A Sodden String

Mum was quite perky when Jackie and I joined her at her home in West End late yesterday afternoon. Two carers were in attendance, one, shadowing the other, cooking our mother’s evening meal. Mum has chosen to go into respite care for another attempt at rehabilitation, rather than continue to struggle at home. Social Services have, we are told, accepted that she should not have been discharged home without far more care than, without seeing her, they were prepared to fund. They will now contribute to full time care, although this will by no means cover the total cost. Further discussion is to be undertaken on Monday.

Jackie and I collected an excellent takeaway meal for Elizabeth and ourselves from Jewels Indian restaurant in Bisterne. This was very good. My wife and I returned home before the waking nighttime carer was due to arrive. My sister was to spend another night with our mother until Jacqueline arrived the next day.

I was totally oblivious of Jackie photographing me watching Bargain Hunt after lunch today.

Elizabeth’s commitment to Mum over this crisis period has meant that she has been unable completely to move into her new home in Pilley.

Jackie and I transported her craft materials to Burnt House Lane this afternoon. These are mostly items for bookbinding and photography. I could barely lift the black iron book press at bottom left of the stack.

We have received plenty of rain in the last few days – enough to begin to leave pools on the lanes, such as Elizabeth’s own Burnt House one.

Shallow wavelets are sent rippling,

and spray spouted, by passing vehicles.

On our return home we were brought to a standstill on Bull Hill by a string of sodden ponies trooping down the road. The grey behind the bushes was soon to join them.

While we were dealing with Elizabeth’s belongings the Barbarians were playing rugby against Argentina at Twickenham. Having recorded the match, I was able to watch it later.

Elizabeth joined us for dinner and will stay a few more days. We dined on Jackie’s excellent beef pie; potatoes, mushrooms, and onions au gratin; and crisp carrots, Brussels sprouts and runner beans. The Culinary Queen drank Hoegaarden while my sister and I finished the Cotes du Rhone.

 

79 thoughts on “A Sodden String

  1. Glad yourc Mom is receptive to go back to a senior medical care faciility rather than to stay in her own home. She will be safer, have an opportunity to meet other people and have 24 hour care as needed. It will also give you peace of mind.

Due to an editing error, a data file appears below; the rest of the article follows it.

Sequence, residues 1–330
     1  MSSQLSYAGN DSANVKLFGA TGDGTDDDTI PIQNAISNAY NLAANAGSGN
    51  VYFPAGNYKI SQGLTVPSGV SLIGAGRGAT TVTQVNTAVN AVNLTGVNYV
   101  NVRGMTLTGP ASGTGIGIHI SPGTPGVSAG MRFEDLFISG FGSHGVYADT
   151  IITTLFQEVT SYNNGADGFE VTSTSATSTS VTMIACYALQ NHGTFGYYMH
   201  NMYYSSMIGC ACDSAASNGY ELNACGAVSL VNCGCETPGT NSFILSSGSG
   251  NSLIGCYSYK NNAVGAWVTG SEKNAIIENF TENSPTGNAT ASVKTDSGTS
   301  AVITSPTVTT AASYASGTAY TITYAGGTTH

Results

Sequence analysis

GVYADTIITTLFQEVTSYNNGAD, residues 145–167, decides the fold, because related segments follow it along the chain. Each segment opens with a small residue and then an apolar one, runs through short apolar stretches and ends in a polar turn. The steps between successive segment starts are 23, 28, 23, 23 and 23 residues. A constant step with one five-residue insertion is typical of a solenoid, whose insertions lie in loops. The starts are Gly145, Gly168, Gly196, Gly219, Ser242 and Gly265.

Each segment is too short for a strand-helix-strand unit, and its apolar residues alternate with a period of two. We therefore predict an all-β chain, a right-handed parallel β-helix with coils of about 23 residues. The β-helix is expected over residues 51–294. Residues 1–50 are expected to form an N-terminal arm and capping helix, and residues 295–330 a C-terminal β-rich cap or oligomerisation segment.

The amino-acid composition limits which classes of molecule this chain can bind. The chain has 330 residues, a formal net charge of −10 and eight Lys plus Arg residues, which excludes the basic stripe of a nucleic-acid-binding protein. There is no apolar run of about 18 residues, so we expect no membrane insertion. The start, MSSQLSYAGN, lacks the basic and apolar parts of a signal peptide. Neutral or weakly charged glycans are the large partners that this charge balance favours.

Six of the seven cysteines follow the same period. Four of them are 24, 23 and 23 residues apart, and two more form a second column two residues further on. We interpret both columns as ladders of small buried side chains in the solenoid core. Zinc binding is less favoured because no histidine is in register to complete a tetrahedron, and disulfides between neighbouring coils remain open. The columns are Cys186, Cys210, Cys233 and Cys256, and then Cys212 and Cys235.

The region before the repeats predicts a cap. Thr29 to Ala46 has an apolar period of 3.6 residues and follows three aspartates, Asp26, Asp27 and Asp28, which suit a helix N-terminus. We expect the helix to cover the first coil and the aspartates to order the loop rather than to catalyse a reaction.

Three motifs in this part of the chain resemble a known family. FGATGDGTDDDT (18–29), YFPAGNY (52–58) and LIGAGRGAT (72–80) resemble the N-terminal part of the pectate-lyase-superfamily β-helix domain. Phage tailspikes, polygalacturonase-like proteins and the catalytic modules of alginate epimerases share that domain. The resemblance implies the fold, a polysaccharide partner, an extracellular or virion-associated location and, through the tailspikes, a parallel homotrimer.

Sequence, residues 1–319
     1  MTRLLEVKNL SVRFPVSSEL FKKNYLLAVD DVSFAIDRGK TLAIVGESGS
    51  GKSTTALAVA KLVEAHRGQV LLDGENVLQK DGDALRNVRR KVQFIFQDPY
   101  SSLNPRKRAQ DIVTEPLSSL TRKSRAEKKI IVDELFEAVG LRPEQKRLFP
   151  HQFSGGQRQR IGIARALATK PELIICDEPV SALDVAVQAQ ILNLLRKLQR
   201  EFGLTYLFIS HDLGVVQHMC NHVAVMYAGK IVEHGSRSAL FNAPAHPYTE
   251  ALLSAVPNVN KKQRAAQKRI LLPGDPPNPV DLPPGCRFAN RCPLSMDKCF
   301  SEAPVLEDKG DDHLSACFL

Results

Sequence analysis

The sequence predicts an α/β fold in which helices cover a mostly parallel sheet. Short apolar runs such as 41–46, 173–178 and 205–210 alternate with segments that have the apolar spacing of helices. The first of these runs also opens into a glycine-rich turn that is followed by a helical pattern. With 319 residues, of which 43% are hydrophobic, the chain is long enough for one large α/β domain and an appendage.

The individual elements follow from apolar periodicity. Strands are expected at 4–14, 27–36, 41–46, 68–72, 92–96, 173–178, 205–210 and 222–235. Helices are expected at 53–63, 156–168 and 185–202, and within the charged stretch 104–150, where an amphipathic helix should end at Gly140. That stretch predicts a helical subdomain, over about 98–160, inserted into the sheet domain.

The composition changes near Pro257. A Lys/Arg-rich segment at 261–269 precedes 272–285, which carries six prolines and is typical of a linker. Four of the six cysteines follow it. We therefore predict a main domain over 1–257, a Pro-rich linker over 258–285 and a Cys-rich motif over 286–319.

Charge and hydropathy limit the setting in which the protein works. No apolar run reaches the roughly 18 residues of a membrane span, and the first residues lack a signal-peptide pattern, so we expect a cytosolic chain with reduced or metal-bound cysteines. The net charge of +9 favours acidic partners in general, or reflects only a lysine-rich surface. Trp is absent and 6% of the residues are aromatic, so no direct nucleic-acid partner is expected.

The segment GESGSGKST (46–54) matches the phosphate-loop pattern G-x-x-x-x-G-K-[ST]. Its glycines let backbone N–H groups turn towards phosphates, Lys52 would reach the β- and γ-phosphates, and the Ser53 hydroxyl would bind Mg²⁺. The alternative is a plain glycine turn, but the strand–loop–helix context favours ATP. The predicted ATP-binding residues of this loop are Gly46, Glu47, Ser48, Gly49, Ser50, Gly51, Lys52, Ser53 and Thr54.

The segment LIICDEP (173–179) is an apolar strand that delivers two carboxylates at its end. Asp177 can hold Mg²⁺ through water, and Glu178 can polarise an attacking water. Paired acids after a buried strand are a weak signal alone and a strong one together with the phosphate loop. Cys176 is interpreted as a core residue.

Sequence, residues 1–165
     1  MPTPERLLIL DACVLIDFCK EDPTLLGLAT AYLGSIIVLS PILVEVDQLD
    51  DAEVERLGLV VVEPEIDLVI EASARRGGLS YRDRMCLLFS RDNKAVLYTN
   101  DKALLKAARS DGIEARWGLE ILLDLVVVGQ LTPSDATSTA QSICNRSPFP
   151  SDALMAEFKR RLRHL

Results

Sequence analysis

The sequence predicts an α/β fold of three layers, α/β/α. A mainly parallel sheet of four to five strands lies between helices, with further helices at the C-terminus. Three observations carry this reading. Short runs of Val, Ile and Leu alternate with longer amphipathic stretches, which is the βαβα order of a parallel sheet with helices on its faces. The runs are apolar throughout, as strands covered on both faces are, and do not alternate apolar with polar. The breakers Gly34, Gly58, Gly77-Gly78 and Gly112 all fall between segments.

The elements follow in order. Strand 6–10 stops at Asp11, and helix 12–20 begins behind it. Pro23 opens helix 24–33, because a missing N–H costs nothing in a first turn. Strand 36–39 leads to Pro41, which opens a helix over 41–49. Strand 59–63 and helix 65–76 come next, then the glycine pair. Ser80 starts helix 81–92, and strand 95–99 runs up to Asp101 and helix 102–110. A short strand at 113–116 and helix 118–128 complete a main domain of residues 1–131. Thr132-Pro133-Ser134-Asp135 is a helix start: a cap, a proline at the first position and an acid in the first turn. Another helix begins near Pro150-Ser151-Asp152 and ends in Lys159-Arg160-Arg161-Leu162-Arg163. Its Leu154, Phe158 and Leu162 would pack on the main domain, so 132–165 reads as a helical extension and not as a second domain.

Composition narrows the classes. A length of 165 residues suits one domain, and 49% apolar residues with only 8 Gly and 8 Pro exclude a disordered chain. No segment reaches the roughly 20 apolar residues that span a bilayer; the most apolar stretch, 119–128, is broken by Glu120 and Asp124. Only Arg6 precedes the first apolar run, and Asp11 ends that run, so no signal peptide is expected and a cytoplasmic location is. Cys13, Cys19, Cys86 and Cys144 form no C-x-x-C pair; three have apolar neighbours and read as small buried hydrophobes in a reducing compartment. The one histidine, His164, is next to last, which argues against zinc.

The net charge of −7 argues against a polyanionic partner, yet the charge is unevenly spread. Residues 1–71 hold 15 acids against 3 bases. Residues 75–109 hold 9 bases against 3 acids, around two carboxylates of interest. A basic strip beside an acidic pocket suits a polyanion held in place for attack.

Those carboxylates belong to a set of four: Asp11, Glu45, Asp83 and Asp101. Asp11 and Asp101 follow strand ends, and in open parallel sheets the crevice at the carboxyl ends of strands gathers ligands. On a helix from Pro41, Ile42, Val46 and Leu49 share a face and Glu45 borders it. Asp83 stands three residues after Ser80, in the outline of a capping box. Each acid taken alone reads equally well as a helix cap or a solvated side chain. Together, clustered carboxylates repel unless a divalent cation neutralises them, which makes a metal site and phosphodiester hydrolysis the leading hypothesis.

2. Care to the frail is a draining process all round. I think your Bargain Hunt was actually an eyelids inspection! Elizabeth is certainly able to prove she has pressing matters on hand.

  3. I hope you are able to sort things for your mother without too much trouble. My siblings and I are paying for part-time carers to help my mom in the morning and at night, but we worry about her the rest of the day and overnight.
    You watch TV the way my husband watches. πŸ™‚

  4. I wish your mother all the best as plans for her care are worked out. You are all doing the best you can, and I know it takes a toll on the caregivers, no matter how much one loves the person needing care. I hope you are able to get the funding you need. You are all in my thoughts and prayers. Please take good care of yourselves, too.

  5. Hi Derrick, I’m back, but not not at full power yet, it’s very tiring for me to be on my computer for any length of time….. great to see you having a snooze too, which is all I seem to be doing with my days at the moment……

  6. You are blessed to have home care for your mom. Here in our country, when our parents grow old, they live with us and we take care of them. There are a few hospice care around but they are so expensive, not practical for a poor and middle class Filipino family. Hope she is doing okay now.

  7. Glad to hear your mom’s going to give rehab another go. That’s a goal and that’s a healthy attitude. Are you sure you were watching the ol tv? Ha! You deserve a good rest! Your mother is so fortunate to have such a caring family. I hope for the best.

      • It is all political trickery. I read yesterday that the Police precept is to be doubled next year through Council Tax. They call it a precept so that they can still claim that Council Tax hasn’t risen above inflation. They have previously used the same trick for Adult Social Care.

  8. You watch television just like my dad used to. When we’d change the channel he’d wake up and he’d say, “Hey! I was just resting my eyes.” πŸ˜€ πŸ˜‰

    We went through, with our mothers, what you are going through with your mum. I will continue to pray for her, and for each of you. It’s good to know she is safe and well taken care of. And most of all, she is loved dearly by her family…and that is THE most important thing. πŸ™‚

    Love your rainy and after-rain photos!
    (((HUGS))) to all!

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